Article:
Bishop surely knew what he had in Steinmeyer, and wanted the audience to know as well. He informed us that many of the illusions he was performing in the show could not, and would not, be seen performed by other magicians. This sort of prideful boast is not unusual for stage magicians, and in fact is a practice that goes back to the golden age of magic (late 19th and early 20th centuries), when magicians such as Harry Kellar and Thurston would compete for (and often steal) each other's illusions. Since magic has no copyright protection for its methods, even today, gems created by masters like Steinmeyer are closely guarded and pridefully presented.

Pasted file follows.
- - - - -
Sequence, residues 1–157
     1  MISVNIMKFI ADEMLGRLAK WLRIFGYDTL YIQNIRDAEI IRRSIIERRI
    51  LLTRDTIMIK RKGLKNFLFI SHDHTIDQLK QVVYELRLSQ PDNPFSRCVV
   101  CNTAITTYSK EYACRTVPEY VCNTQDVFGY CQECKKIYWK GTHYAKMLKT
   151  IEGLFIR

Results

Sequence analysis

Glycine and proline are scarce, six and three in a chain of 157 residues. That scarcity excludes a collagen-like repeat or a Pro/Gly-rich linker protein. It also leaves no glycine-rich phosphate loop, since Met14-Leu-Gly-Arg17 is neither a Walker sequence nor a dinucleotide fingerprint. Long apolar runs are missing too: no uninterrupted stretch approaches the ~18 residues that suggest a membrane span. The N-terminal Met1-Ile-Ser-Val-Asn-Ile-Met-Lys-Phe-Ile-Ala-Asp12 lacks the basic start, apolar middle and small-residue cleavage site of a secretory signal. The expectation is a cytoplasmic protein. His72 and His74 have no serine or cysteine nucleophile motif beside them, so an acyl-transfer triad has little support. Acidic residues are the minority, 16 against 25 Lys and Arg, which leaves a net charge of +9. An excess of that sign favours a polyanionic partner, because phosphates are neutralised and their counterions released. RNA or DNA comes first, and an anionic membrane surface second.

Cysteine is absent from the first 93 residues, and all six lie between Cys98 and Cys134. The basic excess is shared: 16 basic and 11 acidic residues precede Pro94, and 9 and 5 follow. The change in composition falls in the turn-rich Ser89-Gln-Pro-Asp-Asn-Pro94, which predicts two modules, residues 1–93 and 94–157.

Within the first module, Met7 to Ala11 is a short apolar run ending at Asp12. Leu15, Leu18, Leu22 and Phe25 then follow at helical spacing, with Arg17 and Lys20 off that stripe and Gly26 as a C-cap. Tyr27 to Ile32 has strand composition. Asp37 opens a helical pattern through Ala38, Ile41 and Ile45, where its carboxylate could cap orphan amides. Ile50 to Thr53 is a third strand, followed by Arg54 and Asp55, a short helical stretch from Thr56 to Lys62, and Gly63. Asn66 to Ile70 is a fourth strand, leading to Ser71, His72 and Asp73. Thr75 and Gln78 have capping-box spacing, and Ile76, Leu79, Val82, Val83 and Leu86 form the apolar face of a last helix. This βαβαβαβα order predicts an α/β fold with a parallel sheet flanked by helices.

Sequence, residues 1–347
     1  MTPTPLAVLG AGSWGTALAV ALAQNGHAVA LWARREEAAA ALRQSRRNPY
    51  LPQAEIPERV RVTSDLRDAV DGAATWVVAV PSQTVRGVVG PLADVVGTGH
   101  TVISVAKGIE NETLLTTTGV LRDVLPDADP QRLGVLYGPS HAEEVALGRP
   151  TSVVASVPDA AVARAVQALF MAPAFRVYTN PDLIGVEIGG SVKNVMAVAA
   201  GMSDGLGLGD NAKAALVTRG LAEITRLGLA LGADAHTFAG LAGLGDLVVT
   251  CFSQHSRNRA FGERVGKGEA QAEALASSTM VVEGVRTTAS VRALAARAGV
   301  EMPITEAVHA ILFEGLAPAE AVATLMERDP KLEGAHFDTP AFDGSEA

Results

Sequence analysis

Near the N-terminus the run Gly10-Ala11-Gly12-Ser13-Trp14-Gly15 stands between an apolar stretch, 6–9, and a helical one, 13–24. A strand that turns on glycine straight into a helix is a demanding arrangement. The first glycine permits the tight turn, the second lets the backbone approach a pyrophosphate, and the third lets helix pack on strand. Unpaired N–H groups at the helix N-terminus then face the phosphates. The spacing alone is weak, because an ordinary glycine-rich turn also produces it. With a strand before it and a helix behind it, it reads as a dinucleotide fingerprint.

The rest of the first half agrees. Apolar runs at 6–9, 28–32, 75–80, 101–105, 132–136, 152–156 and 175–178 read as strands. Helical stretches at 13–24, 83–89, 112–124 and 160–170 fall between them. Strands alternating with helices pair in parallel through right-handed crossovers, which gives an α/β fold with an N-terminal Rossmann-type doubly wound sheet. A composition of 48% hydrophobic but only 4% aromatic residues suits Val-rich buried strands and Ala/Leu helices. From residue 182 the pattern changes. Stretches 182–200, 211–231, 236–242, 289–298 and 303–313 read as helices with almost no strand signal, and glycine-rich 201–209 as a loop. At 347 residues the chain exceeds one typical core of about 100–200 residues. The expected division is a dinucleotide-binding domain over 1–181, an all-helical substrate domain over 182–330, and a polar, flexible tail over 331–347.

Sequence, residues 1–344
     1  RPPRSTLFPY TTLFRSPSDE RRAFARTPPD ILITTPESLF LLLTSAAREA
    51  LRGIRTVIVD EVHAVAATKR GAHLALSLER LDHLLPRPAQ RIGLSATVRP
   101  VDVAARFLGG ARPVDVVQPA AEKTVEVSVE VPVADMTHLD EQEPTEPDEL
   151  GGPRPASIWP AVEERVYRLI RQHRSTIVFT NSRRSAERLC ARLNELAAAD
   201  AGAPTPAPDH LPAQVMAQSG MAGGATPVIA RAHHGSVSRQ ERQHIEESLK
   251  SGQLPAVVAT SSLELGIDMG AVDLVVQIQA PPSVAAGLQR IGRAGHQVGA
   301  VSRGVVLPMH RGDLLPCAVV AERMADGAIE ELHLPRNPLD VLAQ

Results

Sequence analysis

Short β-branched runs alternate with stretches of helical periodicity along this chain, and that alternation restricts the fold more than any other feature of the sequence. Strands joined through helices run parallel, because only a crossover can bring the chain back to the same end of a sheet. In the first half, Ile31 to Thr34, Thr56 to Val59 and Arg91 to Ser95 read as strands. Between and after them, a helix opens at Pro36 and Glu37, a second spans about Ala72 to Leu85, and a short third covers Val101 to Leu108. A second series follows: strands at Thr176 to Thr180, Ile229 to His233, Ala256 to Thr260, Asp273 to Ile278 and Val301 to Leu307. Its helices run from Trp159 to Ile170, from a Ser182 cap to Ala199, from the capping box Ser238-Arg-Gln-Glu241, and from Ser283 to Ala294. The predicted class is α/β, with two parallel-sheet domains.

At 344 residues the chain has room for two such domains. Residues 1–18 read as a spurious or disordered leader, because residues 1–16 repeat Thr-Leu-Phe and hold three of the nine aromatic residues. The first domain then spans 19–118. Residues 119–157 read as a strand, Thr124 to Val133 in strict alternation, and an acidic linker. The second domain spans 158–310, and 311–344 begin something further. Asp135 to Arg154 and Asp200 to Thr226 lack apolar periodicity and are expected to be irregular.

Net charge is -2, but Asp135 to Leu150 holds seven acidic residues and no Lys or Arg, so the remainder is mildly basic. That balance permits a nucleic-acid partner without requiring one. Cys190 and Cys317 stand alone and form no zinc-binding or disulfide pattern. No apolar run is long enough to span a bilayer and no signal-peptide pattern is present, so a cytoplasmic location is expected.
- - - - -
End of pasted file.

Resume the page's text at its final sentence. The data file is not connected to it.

I was delighted to see Bishop perform a rarely seen Steinmeyer illusion called "Op-Art." where a woman climbs inside a box on caster wheels that closely resembles a portable computer laptop cart. Door-by-door, it is revealed that she has vanished, except, impossibly, for her head. Bishop then proceeds to turn the entire unit around for viewing, until even the head is gone. Steinmeyer is a modern master of the magic cliche, "It's all done with mirrors." However, even with that clue, seeing this illusion live and up close was truly baffling.